In our increasingly connected world, there is an explosion of demand for new display technologies which are the window through which we interface to the external world. Existing displays include direct-view displays which typically use liquid crystal (LCD) or Organic LED (OLED) technologies, and projection technologies such as liquid crystal on silicon (LCOS) and DLP. These technologies all suffer from relatively low "wallplug" energy efficiency, of the order of 5% or less, leading to shorter-than desired battery life on mobile devices. In addition the brightness of these technologies is often inadequate for the applications which are emerging – giving poor outdoors readability for smartphones, smartwatches, tablets and laptops, and poor contrast in sunshine for augmented reality and heads-up-display projectors.
LEDs have very high energy efficiency and brightness. They are therefore being looked at as potential alternatives to today's low energy efficient and low-brightness technologies. However, when 2D LEDs are pixelized to create high-resolution displays, they encounter many issues such as loss of efficiency with decreasing pixel size, lack of in-pixel redundancy making difficult their use in monolithic displays, the need to use pick-and-place technologies which are still low-yielding, color variations with temperature due to the use of different materials to make the RGB colors, and generally low manufacturability.
Aledia's technology avoids these issues and is ideally suited to provide mobile displays offering higher energy efficiency than incumbent technologies and vastly higher brightness, both for direct view and projection applications, at a cost compatible with that required for adoption in consumer electronics.
Aledia is the first company to grow high-density, coaxial gallium nitride (GaN) microwires directly onto large-diameter 200mm silicon wafers (extendable to 300mm wafers) using low-cost processes that are fully compatible with the back end of line of today's semiconductor foundries. When processed these nanowires become LEDs.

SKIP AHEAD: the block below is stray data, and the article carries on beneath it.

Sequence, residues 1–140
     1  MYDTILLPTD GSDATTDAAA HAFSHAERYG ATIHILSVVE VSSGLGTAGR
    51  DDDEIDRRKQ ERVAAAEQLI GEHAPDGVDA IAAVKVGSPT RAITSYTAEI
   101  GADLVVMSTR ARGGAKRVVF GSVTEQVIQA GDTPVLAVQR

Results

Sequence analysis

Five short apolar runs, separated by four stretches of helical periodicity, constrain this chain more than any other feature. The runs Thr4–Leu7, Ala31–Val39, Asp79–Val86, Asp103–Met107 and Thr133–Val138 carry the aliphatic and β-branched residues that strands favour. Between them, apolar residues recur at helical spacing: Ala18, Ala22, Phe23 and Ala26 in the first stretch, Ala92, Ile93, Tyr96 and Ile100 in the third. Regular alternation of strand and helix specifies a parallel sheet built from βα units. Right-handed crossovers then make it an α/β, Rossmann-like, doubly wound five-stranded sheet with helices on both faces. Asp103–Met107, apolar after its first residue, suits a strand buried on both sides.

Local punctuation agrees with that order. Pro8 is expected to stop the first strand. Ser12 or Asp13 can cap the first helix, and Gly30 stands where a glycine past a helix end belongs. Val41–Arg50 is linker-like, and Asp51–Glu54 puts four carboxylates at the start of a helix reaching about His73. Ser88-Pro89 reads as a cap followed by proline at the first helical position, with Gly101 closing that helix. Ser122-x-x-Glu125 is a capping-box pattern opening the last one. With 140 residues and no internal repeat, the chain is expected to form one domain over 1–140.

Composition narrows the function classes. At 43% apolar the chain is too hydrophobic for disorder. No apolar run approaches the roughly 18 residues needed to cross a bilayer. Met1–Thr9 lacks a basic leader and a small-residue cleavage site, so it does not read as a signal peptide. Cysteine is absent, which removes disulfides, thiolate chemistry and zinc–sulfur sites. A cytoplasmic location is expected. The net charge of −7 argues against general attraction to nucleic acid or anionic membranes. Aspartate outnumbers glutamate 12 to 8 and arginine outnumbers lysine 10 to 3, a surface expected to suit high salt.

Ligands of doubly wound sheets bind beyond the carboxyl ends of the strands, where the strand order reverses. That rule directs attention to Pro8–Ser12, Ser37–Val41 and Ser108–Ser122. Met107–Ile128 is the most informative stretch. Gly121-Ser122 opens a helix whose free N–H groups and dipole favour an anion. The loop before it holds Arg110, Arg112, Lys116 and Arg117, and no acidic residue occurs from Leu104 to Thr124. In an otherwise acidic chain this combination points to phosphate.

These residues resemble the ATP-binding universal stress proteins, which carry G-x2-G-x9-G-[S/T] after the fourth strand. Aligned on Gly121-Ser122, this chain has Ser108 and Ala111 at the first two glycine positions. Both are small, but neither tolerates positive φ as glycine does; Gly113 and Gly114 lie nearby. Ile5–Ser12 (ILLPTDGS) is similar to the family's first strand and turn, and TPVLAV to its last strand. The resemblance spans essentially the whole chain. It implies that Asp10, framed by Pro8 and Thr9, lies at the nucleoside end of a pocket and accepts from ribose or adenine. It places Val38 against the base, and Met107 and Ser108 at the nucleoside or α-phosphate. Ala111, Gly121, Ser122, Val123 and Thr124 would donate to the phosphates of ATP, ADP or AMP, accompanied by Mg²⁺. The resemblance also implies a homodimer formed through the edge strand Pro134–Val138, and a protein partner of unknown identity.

Each nanowire is a fully independent, isolated and passivated emitter. There are many nanowires in each pixel. Therefore, even if a single nanowire malfunctions there is in-pixel redundancy such that the pixel will still work when individual nanowires fail. This allows making monolithic megapixel displays. By contrast with 2D LEDs when individual microLED chips fail the pixel fails and needs to be replaced. 2D microLEDs therefore tend to require the picking and placing of millions individual LED subpixels to create a display, and makes it difficult to envision high-resolution displays as these would require handling and high-yield interconnection of very small chips. By contrast, nanowire displays can be made of single-chip, monolithic "solid silicon" megapixel emitters.
Since each nanowire is independent of the others, as resolution is increased there are fewer nanowires in each pixel but the efficiency of any given nanowire remains the same. This avoids the drop in efficiency seen with 2D LEDs as the pixel size is reduced, a reduction thought to come from non-radiative recombination which increasingly starts occurring at the edges of the 2D chips when the radiative layers (quantum wells) become exposed through processing. With nanowires by contrast the quantum wells structure is already passivated during epitaxy.
Brightness can be as high or higher than with traditional 2D LEDs, as nanowires offer a high surface area for light emission and as, being near-perfect crystals, they can be driven at higher current density than that tolerated by 2D LED chips. Finally, the low defect density of nanowires and the fact they they are on high-conductivity Silicon leads to better thermal conductivity for the LED structure which in turn facilitates high-brightness operation.
Finally, GaN nanowires can be made to emit in all wavelengths, from blue to red, giving rise to native-RGB chips. All colors are thus made with the same material. This avoids the need experienced in 2D LEDs to use different materials to make the red, green and blue emitters which, as the materials behave differently under temperature changes, leads to color change with temperature. This also avoids the need to use color-converters which absorb a significant fraction of the emitted light.
Aledia's 3D nanowire-on-Silicon LED technology enables the next generation of displays, that can be brighter, can give longer battery life, can have more stable colors, and can be mass manufactured on existing foundries at very competitive cost points.
2D (Planar) LEDs:
3D (Microwire) LEDs: